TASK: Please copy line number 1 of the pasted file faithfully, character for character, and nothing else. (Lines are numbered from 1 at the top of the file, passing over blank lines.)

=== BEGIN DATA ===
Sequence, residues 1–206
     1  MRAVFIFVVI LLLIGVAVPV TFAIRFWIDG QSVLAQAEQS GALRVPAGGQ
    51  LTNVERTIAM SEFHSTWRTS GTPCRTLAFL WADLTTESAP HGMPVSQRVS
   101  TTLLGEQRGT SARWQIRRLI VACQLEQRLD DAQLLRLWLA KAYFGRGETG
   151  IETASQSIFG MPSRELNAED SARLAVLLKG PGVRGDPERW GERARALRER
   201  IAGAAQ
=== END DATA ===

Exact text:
Sequence, residues 1–206